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I'm sure it is painfully obvious how much of a movie nerd I am. The biggest influence on that was my dad who was also a big fan of watching movies when I was growing up in the pre-home-video era. Whatever wasn't being shown on the three commercial TV networks, you had to see in the theater (or drive-in). However our family was fairly poor, so seeing a movie in a theater was a special occasion, probably why I value the experience so much to this day. In 1981, my family saw Raiders of the Lost Ark in our small-town theater (the same theater I had seen Star Wars in). Three years later, my dad picked-up my brother and I on the last day of school in early June of 1984, and we created our own double-header: Romancing the Stone in the downtown theater, then we drove south of town to the drive-in to watch Indiana Jones and the Temple of Doom, with the "charm" of listening to the film's audio through a crappy mono speaker on the car window (this was even before they broadcast it on your car radio). Those were my only viewings of those two Indy films (until much later on home video). Over the summer of 1989, I was in high school with a part-time job, and I saw Indiana Jones and the Last Crusade several times with friends... And then a couple years ago on my birthday, my best friend and wife suprised me by renting a theater auditorium for many friends and family to watch Raiders again, which was the best birthday present ever, but slightly less than perfect because my friend only had the full screen DVD to provide for the projection (However I was so thankful for the awesome surprise theatrical birthday party that I was polite enough to not ever mention that slightly dissappointing fact). To promote the classic Indiana Jones films being released in high-definition for the first time (Tuesday 9/18), Raiders had a limited one-week only IMAX re-release, only in AMC theaters (9/7-13). IMAX was hardly even a consideration, but I took advantage of the opportunity to see it again, mainly since my second theatrical viewing of Raiders in the theater was in full screen, and the source (commercial DVD) was not specifically designed for digital theatrical presentation. As far as I could tell in the theater, the remaster was impressive, just like you've come to expect from the technogically innovative Lucasfilm. CG melting Nazis? Nah, I just made that up to get the Lucas-bashers all riled up. You'll all be relieved to know there are absolutely no additions of CG characters or objects anywhere in the film. No outright changes have been made to the movie. Besides the general definition upgrade, I only even noticed a few improvements to special effects. In the first and last close-up with the cobra in the Well of the Souls, the cobra's reflection in the glass has finally been removed. Yey! But inexplicably, the middle cobra shot still has the reflection! It's Luke's inconsistently-corrected lightsaber-color on the Falcon all over again! At the climactic scene of the film, the seraphim as they first fly out of the Ark, and the divine energy bolts shooting through all of the Nazis were noticeably crisper. But the seraph transformation into her demonic appearence is still extremely blurry as always (in fact it seemed even more blurry in relation to the rest of the crisper-looking film). And the melting villains are still the same ol' melting-wax effects they've always been. Also to promote the blu-ray release, a single Indiana Jones theatrical marathon was held at select AMC theaters yesterday only (9/15) for one ticket price, where all four movies were shown in order of original release with a 15-minute intermission in between each film. Now for me, more than two movies is just too much for one day (especially back-to-back), even a special day like this with some of my favorite movies back in the theater. I had now seen Raiders twice and Kingdom of the Crystal Skull a few times in the theater in recent years, so I didn't bother with them. The main film I wanted to see was Temple of Doom since I had never seen that in a theater, but I thought it would be cool to watch Last Crusade in the theater for the first time since 1989. (So yes, I paid a bulk price for four movies in one day but only watched two of them.) Just like Raiders, the second and third IJ films look better but there are no CG additions or changes made to the films. And I wasn't the only one wearing a fedora at the marathon. It was a totally awesome experience to be in a theater full of die hard Indiana Jones fans all laughing, clapping and cheering to the Temple of Doom. I just don't understand the criticisms I've heard of that film. You are a big fan of all three classic IJ films and just love Raiders and/or Crusade more than Temple? OK. You like Nazis more than evil cult members as villains? OK, sure. You just have a personal preference of the other two movies over Temple? I can wrap my head around all that. But Raiders and Crusade are both awesome while Temple sucks? I just don't get that. Temple of Doom is action-packed and chock full of high-quality pulp goodness. The mine cart chase sequence is pure and utter cinematic genius, a literal roller coaster ride on film. Like the other classic IJ movies, Temple is a masterpiece adventure film. The community experience of watching this in the theater for the first time (with others who appreciate the film as much as I do) literally brought lumps to my throat and tears to my eyes. And the Temple of Doom is actually the most unique of the four IJ films. It was written to incorporate sequences unused in Raiders, and intentionally further designed to be a different film than Raiders. As great as the Last Crusade is as a film in its own right, Lucas and Spielberg freely admit that it is a thinly-disguised remake of Raiders. And I'm not going to bother speaking any specific praises for Crystal Skull here (I just say I like the movie though not as much as the classic IJ films). But just like the previous sequel, Crystal Skull is yet another re-working of Raiders. Raiders technically still wins the award for the most original of the four films just because it came first, but Temple is explicitely not a remake of Raiders and definitely the most unique. Perhaps that's a possible explaination for some of the intense dislike I hear about for Temple. Perhaps some people just unconsciously compare Temple to Raiders, and their love of Raiders and Crusade drives their dislike of Temple just because it is different. Perhaps my being fully conscious of the Raiders sequels really being remakes drives my view of the franchise to have a very loose continuity, better allowing me to fully enjoy each IJ movie completely independantly of each other. Anyway, 1 theater ticket for Raiders in IMAX (including a small version of the new movie poster) - $12. 1 theater ticket for the IJ marathon (including a large poster of the blu-ray set cover art plus $5 towards concessions) - $25. Watching the Temple of Doom in the theater with other huge fans of the film - Priceless So now I've seen all four Indiana Jones films in the theater in the past few years, and I'm defintely buying the blu-ray set on Tuesday. Crystal Skull was previously available on blu-ray, but I'm happy that I never bought it because I just knew that when they finally released the classic ones on blu-ray it would be a set with all four films (Lucasfilm is somewhat predictible). I like Crystal Skull but didn't want to buy it twice. For those into special features, I've read that the blu-ray set will have (collected on a fifth disc) every feature from the standard 2003 classic DVD set and the 2008 classic film DVDs, along with two new Raiders features and some of the previous Crystal Skull features. Best Buy and Amazon.com both have the Indiana Jones blu-ray set's initial price at $64.99 (suggested retail price $99.98).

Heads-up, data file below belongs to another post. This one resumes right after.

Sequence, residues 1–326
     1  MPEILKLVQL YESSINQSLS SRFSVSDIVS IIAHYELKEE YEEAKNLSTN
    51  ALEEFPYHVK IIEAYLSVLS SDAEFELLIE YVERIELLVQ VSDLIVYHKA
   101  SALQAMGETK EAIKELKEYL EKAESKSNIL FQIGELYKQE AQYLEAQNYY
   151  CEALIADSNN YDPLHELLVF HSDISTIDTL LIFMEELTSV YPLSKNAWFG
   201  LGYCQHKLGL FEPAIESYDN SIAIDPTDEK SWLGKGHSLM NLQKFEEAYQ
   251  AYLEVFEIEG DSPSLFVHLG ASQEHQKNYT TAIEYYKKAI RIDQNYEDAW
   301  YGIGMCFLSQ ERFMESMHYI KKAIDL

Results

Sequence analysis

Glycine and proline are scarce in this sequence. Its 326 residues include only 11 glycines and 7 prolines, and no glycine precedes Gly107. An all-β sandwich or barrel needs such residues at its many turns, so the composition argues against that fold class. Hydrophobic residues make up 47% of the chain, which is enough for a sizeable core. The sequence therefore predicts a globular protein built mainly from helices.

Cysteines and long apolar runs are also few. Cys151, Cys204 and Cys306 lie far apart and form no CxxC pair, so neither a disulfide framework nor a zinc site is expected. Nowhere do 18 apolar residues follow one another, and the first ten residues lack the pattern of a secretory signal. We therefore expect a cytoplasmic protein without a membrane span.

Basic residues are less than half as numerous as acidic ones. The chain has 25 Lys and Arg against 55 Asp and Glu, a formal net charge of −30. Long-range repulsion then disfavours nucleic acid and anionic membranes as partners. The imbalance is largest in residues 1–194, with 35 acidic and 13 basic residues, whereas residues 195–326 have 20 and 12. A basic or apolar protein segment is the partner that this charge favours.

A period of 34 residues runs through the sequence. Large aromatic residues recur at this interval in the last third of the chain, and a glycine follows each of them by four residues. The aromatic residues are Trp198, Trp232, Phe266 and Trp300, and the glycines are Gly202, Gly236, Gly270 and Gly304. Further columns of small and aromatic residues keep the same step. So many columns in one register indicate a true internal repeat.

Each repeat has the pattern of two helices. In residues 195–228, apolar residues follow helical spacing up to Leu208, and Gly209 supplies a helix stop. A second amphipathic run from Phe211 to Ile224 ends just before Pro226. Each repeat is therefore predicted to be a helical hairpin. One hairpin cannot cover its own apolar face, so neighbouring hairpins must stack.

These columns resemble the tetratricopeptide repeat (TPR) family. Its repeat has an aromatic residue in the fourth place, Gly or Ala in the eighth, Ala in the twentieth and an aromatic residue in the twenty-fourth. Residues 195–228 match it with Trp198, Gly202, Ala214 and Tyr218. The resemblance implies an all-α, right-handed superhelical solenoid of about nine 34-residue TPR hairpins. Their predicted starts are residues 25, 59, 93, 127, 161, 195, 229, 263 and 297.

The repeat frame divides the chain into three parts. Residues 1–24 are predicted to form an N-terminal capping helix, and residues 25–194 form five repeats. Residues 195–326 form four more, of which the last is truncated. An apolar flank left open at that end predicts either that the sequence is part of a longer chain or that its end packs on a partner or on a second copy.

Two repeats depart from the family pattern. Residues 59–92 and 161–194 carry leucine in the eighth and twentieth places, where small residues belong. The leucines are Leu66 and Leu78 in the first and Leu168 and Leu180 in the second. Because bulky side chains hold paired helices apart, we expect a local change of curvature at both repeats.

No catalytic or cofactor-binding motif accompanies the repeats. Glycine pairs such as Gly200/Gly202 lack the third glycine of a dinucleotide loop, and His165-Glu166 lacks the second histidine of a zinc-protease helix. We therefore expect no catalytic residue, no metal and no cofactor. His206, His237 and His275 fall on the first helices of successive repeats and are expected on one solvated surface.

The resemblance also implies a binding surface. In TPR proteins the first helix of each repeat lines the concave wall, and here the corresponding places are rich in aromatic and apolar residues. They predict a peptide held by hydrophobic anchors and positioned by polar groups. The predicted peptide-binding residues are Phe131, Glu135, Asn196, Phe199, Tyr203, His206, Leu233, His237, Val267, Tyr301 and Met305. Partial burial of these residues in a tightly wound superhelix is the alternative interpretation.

Classic Trilogy ~ Version Release History (last 4 versions) 1. Special Editions (VHS & laserdisc 1997) 2. DVD Versions (2004, often erroneously referred to as “Special Editions”) 3. Original Theatrical Versions (adapted to DVD 2006) 4. Blu-Ray Versions (2011) REVIEW INTRODUCTION I’m a first-generation Star Wars fan since 1977, having seen the original versions of the original three films in the theater one time each as a child, then falling in love with them all over again on VHS in 1987. And I’ve been a huge fan ever since. The Star Wars Saga is the ultimate epic space opera and film series. This isn’t actually a review of the movies most of you reading this will have seen one or more versions of dozens of times (well, at least the classic trilogy), although this review will discuss some of the changes made (and not made) to all the films. This is meant to be an overview of the 9-disc 2011 blu-ray product entitled “Star Wars: The Complete Saga” with personal observations and select commentary thrown in. PHYSICAL QUALITIES Disc & Packaging Structure The discs themselves are heavy-duty, yet smooth and well-coated with scratch resistance - the best available in retail products I’ve seen. The packaging is also of superior physical construction, taking the form of a hardback book with 9 sturdy pages (think baby/toddler cardboard book stiffness), and the book has an outer box it slides in and out of. The disc-book is about a centimeter shorter than a standard DVD case and slightly wider. Each right-side page is half-circle open in the middle, forming a sleeve with a super-smoothly-coated insides for the optimum protection for both storing and removing/returning the discs. The inside back cover has a more traditional sleeve for the set’s single information booklet called “Guide to the Galaxy” which mostly details the special features on the bonus discs. For those of you with “green” consciousness, there is not a single sliver of hard plastic anywhere in the box/book - the only plastic in the entire product is in the discs themselves and I suspect the very thin, soft coating of the inner disc sleeves. I couldn’t really have even imagined higher-quality discs and a better-constructed storage for my Star Wars blu-ray set. I’m very pleased with this aspect of it. Disc & Packaging Appearance Of lesser concern for me is the appearance of the product’s physical components, but for sake of completeness, I’ll mention it. The discs themselves do not have any images - they are light grey with blue trimmings. The movie discs (1-6) have the previously used logos of STAR WARS with the episode subtitle underneath, both on top of the episode number in the form of a large Roman numeral. The outer box and disc-book do not have a single photo - it is entirely original artwork. The info booklet has the single photo of the entire product (the Falcon flying through Death Star II), and more artwork. In my opinion, the artwork almost totally sucks. It’s awful! The spine, front and back covers of the disc-book exactly match the box, which is also used for the cover of the info-booklet. The disc-book has 10 two-page images (minus half-a-disc-sized portion for the disc on the right-page of the 9 pages). The only tolerable movie disc image is for Episode II, but that is because the characters are more distant and the image has the most photo-realism to it. The only art I really like in the entire product is a small picture of Luke on a Taun Taun in the info booklet, and the disc book picture for Bonus Disc 1 (certainly by a different, better artist), although it depicts something that does not occur in the films or even deleted scenes: Boba Fett is riding a lizard mount like Obi-Wan rode on Utapau in Episode III. I think that picture may be a nod to the animated sequence of the old Star Wars Holiday Special in which Boba Fett rides a creature of some kind, IIRC. I am somewhat disappointed that they didn’t just use photographic imagery throughout this entire product like some of the other releases because that would have been more attractive. Or they could have at least just gotten a better artist for the art throughout the entire product! But like I said, more important than the product’s appearance to me is the structural qualities of the discs and packaging, and of course the digital disc content. THE BONUS DISCS The films are much more important than anything else, but for completeness I’ll touch on the special features discs. Bonus Discs 1 & 2 Bonus Disc 1 is devoted to the prequels while Disc 2 is for the classic trilogy. Bonus Discs 1 & 2 have archive cast & crew interviews, 360Â° turnaround galleries for props and costumes, art galleries, and a total of 45 deleted/extended scenes exclusive to this release. I’ve watched all the deleted/extended scenes for all 6 films, and the most interesting ones to me were for Return of the Jedi, especially the Battle of Endor stuff. But there was nothing that I thought really shouldn’t have been cut from the films. I’ve read some complaints about the menu organization of these first two bonus discs. First you choose the movie you want to access the features for, and then within each episode choice the features are divided up by planets/settings (Naboo, Tatooine and Coruscant for Episode I; Tatooine, Aboard the Death Star, and The Battle of Yavin for Episode IV; etc.). So when I went through to watch all deleted/extended scenes, I had to keep going up and down an extra menu level to get to the scenes for the next setting, and then up and down two level menu levels to move on to the next film. It is a little wacky but really just a minor inconvenience if you want to only view one specific type of feature for 1 or all 3 films on each disc. If you want to watch everything in one setting of one film at a time, then the menu tree is set up specifically for maximum convenience in that case. And I just remembered that I read somewhere that Bonus Disc 2 has the animated sequence of the Star Wars Holiday Special. It is not listed as a special feature on the info booklet, but if you navigate through a certain menu you’ll supposedly find it. Bonus Disc 3 Bonus Disc 3 has documentaries not available on the Star Wars DVDs. As a whole they cover the entire saga, but the main focus is on the classic trilogy. They are not nearly as important to me as they are to a lot of fans I know, but I can speak on a few of them. I’m sure I was totally enthralled by The Making of Star Wars (1977) on TV when I was a kid, and someday when I’m feeling nostalgic for my childhood I’ll probably watch that again. I used to have Classic Creatures (1983 - hosted by Carrie Fisher and Billy Dee Williams) on VHS, and it is interesting if you want a behind-the-scenes look at the aliens from Return of the Jedi, including the operation of the 6-man Jabba muppet. I had taped the excellent Star Wars Tech (2007) onto a blank VHS, so it’s cool that I now have it in a digital format, but it’s disappointing that this disc didn’t include History Channel’s also excellent Star Wars: The Legacy Revealed (so I‘ll have to keep that tape). The only documentary that I’ve watched on this blu-ray so far is the new Star Wars Spoofs (2011), a 97-minute compilation of Star Wars spoofs and parodies from 1977 to the present. There are entire short skits (like the classic 1977 SNL Star Wars Lounge Singer Bill Murray, and the hilarious Natalie Portman SNL monologue). There are a multitude of clips from various TV episodes and movies (The Simpsons, Family Guy, That 70’s Show, Robot Chicken, Fanboys, etc.). They even had Weird All Yankovic’s “The Saga Begins” music video. There is some great stuff and not-so-great stuff. There is so much there but a few things missing that should be there. The down side of this feature is, there isn’t a chapter division for each individual clip so if you want to skip the one your on or repeat one, you’ll jump father away or have to scan ahead or back - a minor inconvenience. It’s a long feature that I watched at night and I started getting sleepy by the end, so you may not want to watch it all in one setting like I did. (Being a blu-ray, you can bookmark it anywhere though).